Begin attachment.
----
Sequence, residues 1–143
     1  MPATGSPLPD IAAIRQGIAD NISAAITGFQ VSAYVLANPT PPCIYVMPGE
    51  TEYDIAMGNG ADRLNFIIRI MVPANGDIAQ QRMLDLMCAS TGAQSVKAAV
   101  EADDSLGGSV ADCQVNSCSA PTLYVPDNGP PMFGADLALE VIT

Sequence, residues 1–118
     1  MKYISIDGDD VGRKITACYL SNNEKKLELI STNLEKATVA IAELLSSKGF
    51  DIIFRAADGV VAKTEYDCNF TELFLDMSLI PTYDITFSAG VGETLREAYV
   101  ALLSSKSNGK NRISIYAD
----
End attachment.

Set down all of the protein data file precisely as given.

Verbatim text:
Sequence, residues 1–143
     1  MPATGSPLPD IAAIRQGIAD NISAAITGFQ VSAYVLANPT PPCIYVMPGE
    51  TEYDIAMGNG ADRLNFIIRI MVPANGDIAQ QRMLDLMCAS TGAQSVKAAV
   101  EADDSLGGSV ADCQVNSCSA PTLYVPDNGP PMFGADLALE VIT

Sequence, residues 1–118
     1  MKYISIDGDD VGRKITACYL SNNEKKLELI STNLEKATVA IAELLSSKGF
    51  DIIFRAADGV VAKTEYDCNF TELFLDMSLI PTYDITFSAG VGETLREAYV
   101  ALLSSKSNGK NRISIYAD